Become a Fan
Consider The Birds
By Ian D Gilmour
Saturday, January 06, 2007
Rated "G" by the Author.
I saw an old man on the beach front at Kaiteriteri and tried to find some story in his being there. It was an unlikely place for an image like him.
Green fingered trees stretching to touch the blue underbelly of the passing heavens, both unaware and unconcerned of the drifting dramas unfolding below. A gentle but uncompromising velocity guards all heavenly entities from the twists and turns of minor players subjected to the cruel hands of fate and fortune. Between the two worlds feathered emissaries travel with ease to gather material of interest, watch the sad participants in their trials and offer moments of consoling comfort as they lie spent and fading at the end of their days.
Wandering through the carnage a man, his eyes often heavenward, not looking for answers but asking why and when is enough enough. The birds gather around him to share his knowledge and wisdom as he feeds them stripes of sandwich from his bag. He, like them, knows the futility of the struggle around him. He, like them, is on the outside looking in, then up, then away, then...
To everyone else he looks a strange sight. A long gray haired, bearded head atop heap of clothing, moving almost at random through streets and parks. A leathery weathered face crimson with age. His nose was larger now than when he was younger but that isn’t an unusual thing to happen. Not everyone knows that though. Other features that age had marked him with were coarse hair protruding from the nostrils, ear-lobs that hung longer than before and a street map of veins now on the surface of his face. His stoop was pronounced and shoulders fell forward as he shuffled from one point to the next. Most couldn’t imagine this human state flinging his giggling children into the air as a young man and walking for miles with one of them on his shoulders to show them the joys to be found in rock pools at low-tide. His image carried no evidence of a fulfilling life behind it, not to those too busy to consider properly, too fast to judge or too shallow to ever understand. He would often smile quietly to himself at the joke he shared with the birds. Them feeling sorry for him when all the time he was feeling sorry for them. It was just too much.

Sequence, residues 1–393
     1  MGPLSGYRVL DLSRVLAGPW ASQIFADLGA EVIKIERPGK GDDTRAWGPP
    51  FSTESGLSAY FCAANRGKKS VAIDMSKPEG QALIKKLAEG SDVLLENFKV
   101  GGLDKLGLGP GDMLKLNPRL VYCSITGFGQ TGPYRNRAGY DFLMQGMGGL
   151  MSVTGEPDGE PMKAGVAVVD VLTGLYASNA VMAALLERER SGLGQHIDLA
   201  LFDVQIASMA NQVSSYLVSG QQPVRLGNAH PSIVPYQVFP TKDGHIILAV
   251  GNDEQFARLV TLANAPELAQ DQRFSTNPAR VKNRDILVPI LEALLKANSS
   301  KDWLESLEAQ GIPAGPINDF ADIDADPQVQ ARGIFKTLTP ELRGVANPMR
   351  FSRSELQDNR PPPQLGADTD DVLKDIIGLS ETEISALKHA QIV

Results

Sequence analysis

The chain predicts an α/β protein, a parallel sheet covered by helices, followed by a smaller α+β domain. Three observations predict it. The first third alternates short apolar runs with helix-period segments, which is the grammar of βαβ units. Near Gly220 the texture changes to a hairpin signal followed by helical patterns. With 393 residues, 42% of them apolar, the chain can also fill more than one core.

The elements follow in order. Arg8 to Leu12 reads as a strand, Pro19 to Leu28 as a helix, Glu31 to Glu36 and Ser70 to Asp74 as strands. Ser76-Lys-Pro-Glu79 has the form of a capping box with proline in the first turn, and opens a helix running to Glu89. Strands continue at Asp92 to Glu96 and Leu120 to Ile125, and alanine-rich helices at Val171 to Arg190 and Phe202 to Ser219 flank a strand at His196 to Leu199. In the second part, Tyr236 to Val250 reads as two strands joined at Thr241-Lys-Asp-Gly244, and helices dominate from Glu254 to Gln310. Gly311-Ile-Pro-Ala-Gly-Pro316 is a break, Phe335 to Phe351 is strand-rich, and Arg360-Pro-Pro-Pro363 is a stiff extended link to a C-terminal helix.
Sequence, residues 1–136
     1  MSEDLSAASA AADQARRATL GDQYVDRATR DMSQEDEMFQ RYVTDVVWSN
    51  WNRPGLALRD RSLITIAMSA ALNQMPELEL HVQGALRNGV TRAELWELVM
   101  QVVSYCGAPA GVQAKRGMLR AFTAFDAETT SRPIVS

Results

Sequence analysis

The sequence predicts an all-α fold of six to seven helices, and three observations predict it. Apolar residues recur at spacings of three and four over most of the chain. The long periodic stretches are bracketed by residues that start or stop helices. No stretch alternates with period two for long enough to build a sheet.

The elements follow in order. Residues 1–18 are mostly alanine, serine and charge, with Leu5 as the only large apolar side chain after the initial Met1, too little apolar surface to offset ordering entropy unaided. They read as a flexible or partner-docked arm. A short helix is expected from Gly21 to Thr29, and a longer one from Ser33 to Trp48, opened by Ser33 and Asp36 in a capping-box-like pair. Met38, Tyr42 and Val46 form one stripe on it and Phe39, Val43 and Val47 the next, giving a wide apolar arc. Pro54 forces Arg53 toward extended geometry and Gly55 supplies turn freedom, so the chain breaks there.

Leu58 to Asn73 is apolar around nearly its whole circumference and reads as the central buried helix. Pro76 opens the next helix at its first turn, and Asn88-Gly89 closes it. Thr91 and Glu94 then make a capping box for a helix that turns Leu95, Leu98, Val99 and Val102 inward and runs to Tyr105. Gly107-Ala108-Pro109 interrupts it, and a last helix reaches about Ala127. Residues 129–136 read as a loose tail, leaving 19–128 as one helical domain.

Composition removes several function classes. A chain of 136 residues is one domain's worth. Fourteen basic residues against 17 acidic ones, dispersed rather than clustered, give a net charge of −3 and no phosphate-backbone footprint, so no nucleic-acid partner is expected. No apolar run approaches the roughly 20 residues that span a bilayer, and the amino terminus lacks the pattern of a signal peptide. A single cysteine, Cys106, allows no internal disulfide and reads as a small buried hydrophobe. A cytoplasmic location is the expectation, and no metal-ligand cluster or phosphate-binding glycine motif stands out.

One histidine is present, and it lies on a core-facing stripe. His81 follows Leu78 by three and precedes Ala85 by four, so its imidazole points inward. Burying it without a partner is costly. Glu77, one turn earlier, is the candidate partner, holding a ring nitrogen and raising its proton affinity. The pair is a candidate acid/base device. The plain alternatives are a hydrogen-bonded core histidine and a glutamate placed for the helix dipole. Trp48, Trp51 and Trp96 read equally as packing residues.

His pity was limited to those who had lost sight of the real reason to breathe. The busy holiday-makers who turned up at the waterfront every season to quickly recreate for a few days or possibly a week and then to return to the madness of the life they had made for themselves in the hurly-burly world of their working lives. The urbanities that arrived in their four-wheel drives and caravans to try to wind down for a bit so they can get back to paying for the gleaming vehicles with Greek gods for names and meaningless letters and numbers marking the individual quality of their prize possessions.
It was amusing to see them arrive with angst in their every feature. They would find a site to claim - go through the well rehearsed setting up routine with military precision until finally stopping in their deck chairs - not sure how to bring themselves quickly and efficiently to the desired state of utopia they sought. He could see in their faces a tense demanding of their being to hurry up and relax. Amusing but sad too. After a few days of this melodrama and a good deal of affirming how good it was to relax and how relaxing it all was they would pack up their recreational organization and return to their demanding origins ‘much the better for it’.
The ones that still held his admiration were the young carefree teenagers who spent aimless days in the sun, kicking balls and showing off to each other. They would swim then lie on the sand talking with their heads turned resting on their arms for hours at a time. They used their abundant energies to just wile away the days in ways that he hoped would stay with them forever. What was it that happened to them all when they moved on and lost that youth? Where did those beautifully pointless days go? Why couldn’t they keep just some of that feeling for later? Carry a piece of it with them to their end and not lose sight of it all in the murk of middle age.
As he sat on the seats outside the café, with the mix of pity and disgust drifting from the tables behind him the birds between mouthfuls asked him always, ‘What can be done for them? How can this go on? Who should we talk to about this mess?’
His answer was inevitably the same. There was nothing to be done and no one to tell. It would go on because it was a bloody mess but some will find out for themselves if they are brave enough to see what was going on. All this in a smile and a shrug.
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